• roughly 40 percent of office-based physicians said they had a system that meets the criteria for a basic system, an increase of 18 percent from 2009; and
  • 64 percent of office-based physicians said in 2012 that they had applied or planned to apply for meaningful use incentives provided through Medicaid/Medicare programs.

Cost of Temporary Physician Payment Patch Provokes 'Sticker Shock'

The cost of a one-year Medicare payment patch now stands at $25 billion, an increase of $7 billion from a previous score made by the Congressional Budget Office (CBO) in July.

The CBO issued the new score( in late November. Unlike the previous estimate, the new score incorporates policy from the final 2013 physician fee schedule, which could explain the $7 billion difference in the two scores.

Physicians face a 26.5 percent reduction in the Medicare physician payment rate on Jan. 1 as a result of the sustainable growth rate (SGR) formula unless Congress acts to block the cut. The SGR has called for steep reductions in the Medicare payment rate for the past several years -- reductions only averted by last-minute congressional action. Each time Congress provides a temporary payment patch, the cost of a short-term payment fix and an outright SGR repeal increases.

Commonwealth Fund Video Advocates U.S. Health Care Solutions

The Commonwealth Fund has released a third video( in its Health Reform and You video series. The latest offering is titled "Improving the Quality and Efficiency of U.S. Health Care" and is narrated by Commonwealth Fund President Karen Davis, Ph.D.

In the short video, Davis discusses finding win-win solutions to America's quest to provide better care health care at a lower cost. For example, Davis says the U.S. health care system needs to reward primary care, pay hospitals and physicians for good patient outcomes, encourage care coordination, pursue a global payment system for the care patients receive when hospitalized for certain conditions, and support the creation of accountable care organizations.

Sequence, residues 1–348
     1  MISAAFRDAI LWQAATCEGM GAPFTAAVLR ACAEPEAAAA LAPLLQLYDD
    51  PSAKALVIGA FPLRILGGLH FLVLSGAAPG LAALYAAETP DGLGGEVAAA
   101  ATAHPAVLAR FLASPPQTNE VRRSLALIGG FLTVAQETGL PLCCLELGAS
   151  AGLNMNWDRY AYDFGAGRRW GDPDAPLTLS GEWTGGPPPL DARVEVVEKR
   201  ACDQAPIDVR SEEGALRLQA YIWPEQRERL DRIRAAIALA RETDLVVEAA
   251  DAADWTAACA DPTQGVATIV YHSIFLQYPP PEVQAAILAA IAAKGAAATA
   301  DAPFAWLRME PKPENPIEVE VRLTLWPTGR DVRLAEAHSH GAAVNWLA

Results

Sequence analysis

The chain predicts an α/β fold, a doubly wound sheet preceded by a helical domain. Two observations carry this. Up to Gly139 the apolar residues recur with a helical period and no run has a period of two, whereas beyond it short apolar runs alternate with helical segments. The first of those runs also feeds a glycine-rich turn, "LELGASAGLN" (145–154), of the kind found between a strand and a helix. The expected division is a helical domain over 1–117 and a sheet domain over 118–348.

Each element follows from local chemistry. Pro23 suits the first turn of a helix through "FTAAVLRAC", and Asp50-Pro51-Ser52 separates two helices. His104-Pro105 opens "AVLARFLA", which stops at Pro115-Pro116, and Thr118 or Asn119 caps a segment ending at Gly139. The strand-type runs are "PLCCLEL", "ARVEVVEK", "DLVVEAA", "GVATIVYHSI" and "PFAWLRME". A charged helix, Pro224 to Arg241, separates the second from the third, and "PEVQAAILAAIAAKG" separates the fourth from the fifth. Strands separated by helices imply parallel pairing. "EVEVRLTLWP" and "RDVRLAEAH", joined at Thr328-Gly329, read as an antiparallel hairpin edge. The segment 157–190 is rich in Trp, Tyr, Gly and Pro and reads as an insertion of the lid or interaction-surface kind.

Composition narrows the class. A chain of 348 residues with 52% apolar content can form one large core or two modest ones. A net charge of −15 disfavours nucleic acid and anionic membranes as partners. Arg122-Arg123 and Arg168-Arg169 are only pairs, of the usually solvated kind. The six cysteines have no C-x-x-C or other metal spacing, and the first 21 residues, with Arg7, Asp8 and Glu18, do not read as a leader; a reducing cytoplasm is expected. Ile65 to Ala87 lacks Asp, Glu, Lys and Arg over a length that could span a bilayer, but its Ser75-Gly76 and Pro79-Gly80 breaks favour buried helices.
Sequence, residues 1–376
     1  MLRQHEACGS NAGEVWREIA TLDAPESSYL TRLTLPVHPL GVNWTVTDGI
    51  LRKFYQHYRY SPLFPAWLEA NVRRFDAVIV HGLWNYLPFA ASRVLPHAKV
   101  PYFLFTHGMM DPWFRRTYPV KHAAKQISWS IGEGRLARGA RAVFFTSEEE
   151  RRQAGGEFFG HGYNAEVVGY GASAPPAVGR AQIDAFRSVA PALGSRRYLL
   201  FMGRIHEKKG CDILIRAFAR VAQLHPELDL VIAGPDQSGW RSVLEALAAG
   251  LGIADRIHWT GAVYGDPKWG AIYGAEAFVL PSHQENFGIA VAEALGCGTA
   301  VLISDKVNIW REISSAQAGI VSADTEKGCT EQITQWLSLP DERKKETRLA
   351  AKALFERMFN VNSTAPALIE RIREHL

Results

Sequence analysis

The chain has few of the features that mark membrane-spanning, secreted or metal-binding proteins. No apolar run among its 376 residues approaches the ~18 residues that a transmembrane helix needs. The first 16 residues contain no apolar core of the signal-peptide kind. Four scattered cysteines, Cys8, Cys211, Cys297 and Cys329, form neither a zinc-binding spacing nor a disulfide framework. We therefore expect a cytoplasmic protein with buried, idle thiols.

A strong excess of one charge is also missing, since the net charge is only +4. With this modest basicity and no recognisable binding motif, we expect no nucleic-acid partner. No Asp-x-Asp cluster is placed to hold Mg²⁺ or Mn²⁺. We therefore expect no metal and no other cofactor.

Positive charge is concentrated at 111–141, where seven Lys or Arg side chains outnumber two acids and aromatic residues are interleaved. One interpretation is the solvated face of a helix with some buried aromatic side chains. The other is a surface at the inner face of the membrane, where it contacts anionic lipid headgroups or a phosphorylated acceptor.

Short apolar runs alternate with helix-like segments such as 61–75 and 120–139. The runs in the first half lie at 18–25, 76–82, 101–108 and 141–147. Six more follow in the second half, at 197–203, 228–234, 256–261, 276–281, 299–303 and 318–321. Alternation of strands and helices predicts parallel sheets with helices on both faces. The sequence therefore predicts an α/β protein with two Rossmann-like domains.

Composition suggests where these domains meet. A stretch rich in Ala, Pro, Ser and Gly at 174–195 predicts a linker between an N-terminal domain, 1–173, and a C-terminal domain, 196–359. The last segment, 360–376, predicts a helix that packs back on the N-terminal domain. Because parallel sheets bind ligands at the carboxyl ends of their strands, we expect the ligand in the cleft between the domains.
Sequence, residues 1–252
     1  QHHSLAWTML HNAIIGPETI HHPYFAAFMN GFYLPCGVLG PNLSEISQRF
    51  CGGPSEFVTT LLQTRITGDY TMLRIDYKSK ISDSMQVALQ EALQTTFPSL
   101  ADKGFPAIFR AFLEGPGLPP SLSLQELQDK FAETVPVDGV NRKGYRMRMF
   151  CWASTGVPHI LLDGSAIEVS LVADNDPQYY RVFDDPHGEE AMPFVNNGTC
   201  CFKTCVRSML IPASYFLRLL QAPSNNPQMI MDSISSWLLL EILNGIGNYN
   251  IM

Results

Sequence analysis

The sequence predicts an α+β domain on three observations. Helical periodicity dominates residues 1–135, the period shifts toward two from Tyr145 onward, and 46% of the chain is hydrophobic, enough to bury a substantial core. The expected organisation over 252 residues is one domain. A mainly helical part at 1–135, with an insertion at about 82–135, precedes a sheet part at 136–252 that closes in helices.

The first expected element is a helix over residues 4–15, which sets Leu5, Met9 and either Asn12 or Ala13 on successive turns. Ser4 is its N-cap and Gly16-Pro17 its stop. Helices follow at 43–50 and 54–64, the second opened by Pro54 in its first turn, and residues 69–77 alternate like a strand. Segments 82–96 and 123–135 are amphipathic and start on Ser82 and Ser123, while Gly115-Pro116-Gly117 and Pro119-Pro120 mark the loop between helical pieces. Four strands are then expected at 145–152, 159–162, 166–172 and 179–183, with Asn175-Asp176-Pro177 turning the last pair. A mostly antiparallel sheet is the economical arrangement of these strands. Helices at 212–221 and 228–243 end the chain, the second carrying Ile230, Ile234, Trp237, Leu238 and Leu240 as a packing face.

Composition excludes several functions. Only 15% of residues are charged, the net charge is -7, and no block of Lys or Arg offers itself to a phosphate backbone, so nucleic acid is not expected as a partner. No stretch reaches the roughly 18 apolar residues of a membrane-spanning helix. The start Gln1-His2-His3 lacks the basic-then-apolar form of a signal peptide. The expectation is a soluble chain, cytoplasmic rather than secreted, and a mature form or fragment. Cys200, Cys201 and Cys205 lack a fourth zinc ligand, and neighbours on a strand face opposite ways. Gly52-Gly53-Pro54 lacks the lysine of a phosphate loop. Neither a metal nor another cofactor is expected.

Lastly, Davis advocates for testing a variety of health care payment and delivery options.

House Bills Would Boost FDA's Regulation of Compounding Pharmacies

Democratic lawmakers have introduced two separate but related bills to strengthen federal regulations for compounding pharmacies following a deadly outbreak of fungal meningitis that occurred as a result of tainted steroid injections from a compounding pharmacy in Massachusetts.

The meningitis outbreak caused illness in 541 people, killing 36 of them. In response, Rep. Edward Markey, D-Mass, introduced a bill( in early November that would give the FDA greater authority to oversee compounding pharmacy practices throughout the country.

The bill, known as the Verifying Authority and Legality in Drug (VALID) Compounding Act, contains several provisions to strengthen the FDA's authority regarding compounding pharmacies, including a measure to give the FDA the authority to regulate pharmacies as drug manufacturers if the pharmacies are operating as drug manufacturers. The legislation also would require compounded drugs are labeled as such to ensure recipients know the drugs have not been tested for safety or effectiveness, according to a press release issued by Markey's office. The compounding pharmacy blamed for producing the tainted steroids is located in Markey's district.

Another bill(, introduced by two Democratic lawmakers in December, would require compounding pharmacies to register with the FDA and allow the agency to impose new labeling restrictions on compounded drugs. The bill, known as the Safe Compounding Drugs Act and introduced by Reps. Rosa DeLauro, D-Conn., and Nita Lowey, D-N.Y., also would give the FDA the authority to set minimum production standards.